These details on their own bear little impact on how the film affects us, curiously enough. We’re more consumed with the beauty of this abstract motion picture than any developments we might pull from what’s onscreen. Emmanuel Lubezki’s Steadicam hovers through scenes, gliding back and forth like drapes in the wind, passing and infiltrating characters who often seem to be doing nothing at all beyond sharing space. But any image from the film is beautiful enough to frame and hang on a wall. Lubezki catches sunsets beyond vast fields and an odd balloon effect held by the sand at the Normandy beach. We’re consumed by Nature’s beauty, as is often the purpose of a Terrence Malick film. There’s also a certain pensive, contemplative quality about watching actors who worked without any script and occupy their spaces by interacting with one another in intuitive ways. They’re not so much performances as observations of behavior. It’s mesmerizing in a way only hinted at in Malick’s earlier films, yet seems a natural progression from Badlands (1973) onward.

Malick’s system of filmmaking involves shooting considerable amounts of footage and sculpting it down into sometimes multiple cuts, most of which have never been seen by the public, if they exist at all (as mentioned, Malick is very secretive about his process). For The Thin Red Line (1998), the director shot over a million feet of footage and then completed multiple versions, including a narrative version and a wholly impressionistic version; the theatrical cut was a combination of the two. For To the Wonder, Malick shot in 2009 and employed several editors to assemble the theatrical cut, simplifying the story and themes by altogether removing several actors from the screen (among them Jessica Chastain, Amanda Peet, Barry Pepper, Michael Sheen, and Rachel Weisz), as he’s been known to do. The resulting elegy feels nothing like a star-power romance and more like a painterly art piece. If Malick once again made several cuts of his film, he chose to release the impressionist version through distributor Magnolia Pictures, an independent label that makes up for risky projects by releasing them to VOD vendors the same day as their theatrical debut.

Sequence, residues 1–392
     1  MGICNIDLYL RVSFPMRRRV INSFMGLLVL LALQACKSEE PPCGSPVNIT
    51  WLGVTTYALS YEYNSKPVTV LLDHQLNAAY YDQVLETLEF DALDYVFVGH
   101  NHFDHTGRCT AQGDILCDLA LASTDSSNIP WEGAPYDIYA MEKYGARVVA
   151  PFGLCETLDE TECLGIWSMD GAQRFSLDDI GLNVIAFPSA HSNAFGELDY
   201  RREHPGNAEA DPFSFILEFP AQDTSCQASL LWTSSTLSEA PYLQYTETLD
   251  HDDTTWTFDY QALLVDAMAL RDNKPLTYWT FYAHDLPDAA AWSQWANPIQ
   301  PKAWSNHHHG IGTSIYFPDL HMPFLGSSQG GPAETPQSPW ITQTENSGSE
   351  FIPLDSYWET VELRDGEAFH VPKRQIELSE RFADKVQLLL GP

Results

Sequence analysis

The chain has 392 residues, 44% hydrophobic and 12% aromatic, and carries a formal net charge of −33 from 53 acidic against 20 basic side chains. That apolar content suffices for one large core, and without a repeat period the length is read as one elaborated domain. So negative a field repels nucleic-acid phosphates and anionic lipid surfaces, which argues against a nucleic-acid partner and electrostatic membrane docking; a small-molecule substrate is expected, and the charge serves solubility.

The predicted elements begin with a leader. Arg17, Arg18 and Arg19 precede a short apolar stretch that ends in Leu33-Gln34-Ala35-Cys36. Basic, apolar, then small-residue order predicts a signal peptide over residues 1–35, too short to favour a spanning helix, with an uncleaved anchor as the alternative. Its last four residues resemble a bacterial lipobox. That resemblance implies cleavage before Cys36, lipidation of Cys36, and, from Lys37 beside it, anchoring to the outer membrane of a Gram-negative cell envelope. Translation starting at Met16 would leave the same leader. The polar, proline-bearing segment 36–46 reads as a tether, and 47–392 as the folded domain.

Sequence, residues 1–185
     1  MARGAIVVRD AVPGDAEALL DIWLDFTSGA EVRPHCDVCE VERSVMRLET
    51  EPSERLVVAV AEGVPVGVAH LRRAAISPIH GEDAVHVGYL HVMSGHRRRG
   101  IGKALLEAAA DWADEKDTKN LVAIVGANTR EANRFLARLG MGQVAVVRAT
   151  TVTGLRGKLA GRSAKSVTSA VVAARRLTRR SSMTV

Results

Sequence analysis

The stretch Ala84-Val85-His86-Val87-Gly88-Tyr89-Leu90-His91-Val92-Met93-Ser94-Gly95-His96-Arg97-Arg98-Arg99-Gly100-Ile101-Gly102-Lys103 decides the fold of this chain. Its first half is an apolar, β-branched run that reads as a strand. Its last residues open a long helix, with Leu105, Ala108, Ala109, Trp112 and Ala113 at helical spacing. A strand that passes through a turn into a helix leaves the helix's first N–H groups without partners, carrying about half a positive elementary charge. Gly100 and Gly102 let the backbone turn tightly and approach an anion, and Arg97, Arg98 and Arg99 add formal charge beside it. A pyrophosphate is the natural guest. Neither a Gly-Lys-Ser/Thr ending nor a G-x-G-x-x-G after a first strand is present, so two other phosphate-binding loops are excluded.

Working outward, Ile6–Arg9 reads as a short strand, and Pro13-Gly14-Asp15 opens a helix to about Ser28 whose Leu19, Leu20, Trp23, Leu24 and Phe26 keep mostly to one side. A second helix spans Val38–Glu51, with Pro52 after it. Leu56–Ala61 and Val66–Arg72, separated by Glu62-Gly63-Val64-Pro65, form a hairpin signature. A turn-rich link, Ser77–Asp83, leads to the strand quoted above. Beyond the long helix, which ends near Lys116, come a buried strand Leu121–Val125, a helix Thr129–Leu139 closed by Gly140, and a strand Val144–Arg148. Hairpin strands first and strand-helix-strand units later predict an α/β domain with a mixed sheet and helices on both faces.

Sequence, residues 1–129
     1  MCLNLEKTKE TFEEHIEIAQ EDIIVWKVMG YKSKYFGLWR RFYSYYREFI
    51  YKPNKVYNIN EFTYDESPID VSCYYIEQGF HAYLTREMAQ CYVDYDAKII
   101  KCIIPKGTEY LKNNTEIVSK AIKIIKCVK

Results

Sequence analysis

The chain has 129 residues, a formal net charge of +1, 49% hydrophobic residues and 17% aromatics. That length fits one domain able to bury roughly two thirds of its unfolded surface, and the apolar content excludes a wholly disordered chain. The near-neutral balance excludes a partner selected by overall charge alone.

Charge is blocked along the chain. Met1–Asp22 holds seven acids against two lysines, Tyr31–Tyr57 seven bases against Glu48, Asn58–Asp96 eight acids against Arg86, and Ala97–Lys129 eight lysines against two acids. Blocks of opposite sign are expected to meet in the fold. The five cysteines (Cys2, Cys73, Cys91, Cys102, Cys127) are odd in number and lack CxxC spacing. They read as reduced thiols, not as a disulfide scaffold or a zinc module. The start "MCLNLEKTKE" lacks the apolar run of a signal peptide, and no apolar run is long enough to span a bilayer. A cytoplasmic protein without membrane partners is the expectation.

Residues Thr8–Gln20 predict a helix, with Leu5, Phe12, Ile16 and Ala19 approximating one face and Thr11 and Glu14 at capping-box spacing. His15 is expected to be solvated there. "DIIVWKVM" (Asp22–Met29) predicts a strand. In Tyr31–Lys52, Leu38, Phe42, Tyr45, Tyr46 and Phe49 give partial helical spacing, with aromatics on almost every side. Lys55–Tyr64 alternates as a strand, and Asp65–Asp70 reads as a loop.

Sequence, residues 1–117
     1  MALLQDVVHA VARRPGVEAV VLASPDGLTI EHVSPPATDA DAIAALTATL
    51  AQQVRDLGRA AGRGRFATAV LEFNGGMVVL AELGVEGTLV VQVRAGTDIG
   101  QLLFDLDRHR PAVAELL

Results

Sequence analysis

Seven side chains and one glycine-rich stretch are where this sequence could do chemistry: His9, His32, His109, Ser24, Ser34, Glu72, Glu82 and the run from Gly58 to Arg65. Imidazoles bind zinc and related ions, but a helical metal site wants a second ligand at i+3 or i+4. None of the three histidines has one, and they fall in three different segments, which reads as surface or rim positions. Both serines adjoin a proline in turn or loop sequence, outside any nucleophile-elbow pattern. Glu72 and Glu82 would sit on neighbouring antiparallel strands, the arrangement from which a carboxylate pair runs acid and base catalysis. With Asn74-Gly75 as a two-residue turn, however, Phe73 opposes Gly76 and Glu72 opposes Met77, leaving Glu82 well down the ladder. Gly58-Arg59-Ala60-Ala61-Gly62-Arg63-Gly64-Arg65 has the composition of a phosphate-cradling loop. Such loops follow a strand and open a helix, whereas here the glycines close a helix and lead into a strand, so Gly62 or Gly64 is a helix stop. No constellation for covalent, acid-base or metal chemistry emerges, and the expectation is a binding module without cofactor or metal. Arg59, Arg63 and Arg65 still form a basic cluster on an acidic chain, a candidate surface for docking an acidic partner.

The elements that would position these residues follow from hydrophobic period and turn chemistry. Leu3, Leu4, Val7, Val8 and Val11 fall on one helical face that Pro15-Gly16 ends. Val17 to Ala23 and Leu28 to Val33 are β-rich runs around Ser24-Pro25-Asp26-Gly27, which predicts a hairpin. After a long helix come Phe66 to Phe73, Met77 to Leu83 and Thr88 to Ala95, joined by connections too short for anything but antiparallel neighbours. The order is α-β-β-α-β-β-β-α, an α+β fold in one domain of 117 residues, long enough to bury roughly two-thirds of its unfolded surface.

Do not waste time thinking about what might be included in a possibly nonexistent narrative cut. What an audience makes of To the Wonder must be a personal experience, although the basic threads of the story have autobiographical relevance for the director. Somewhat like Neil in the film, Malick married a French woman and, after getting a divorce, later married an old sweetheart; but these details are insignificant when it comes to identifying both the themes of marvel, love, and Nature present throughout the picture and what those themes mean to you, the viewer, if anything. Of course, mainstream or commercial audiences who already know they’re bound to find Malick’s impressionist style too experimental or radical should stay away. Even though at 112 minutes To the Wonder is Malick’s shortest film since his first, it will feel endless to moviegoers not open to the experience of film as visual and aural poetry. Unlike his previous narratives marked by his searching voiceover and prevailing spirituality, To the Wonder is wholly unique and even daring within his body of work. This is a gorgeously photographed, delicately scored (to Haydn, Tchaikovsky, and Wagner among Malick’s other oft-used composers), extraordinarily moving picture whose admirers will be few, yet finds an ardent enthusiast in this critic.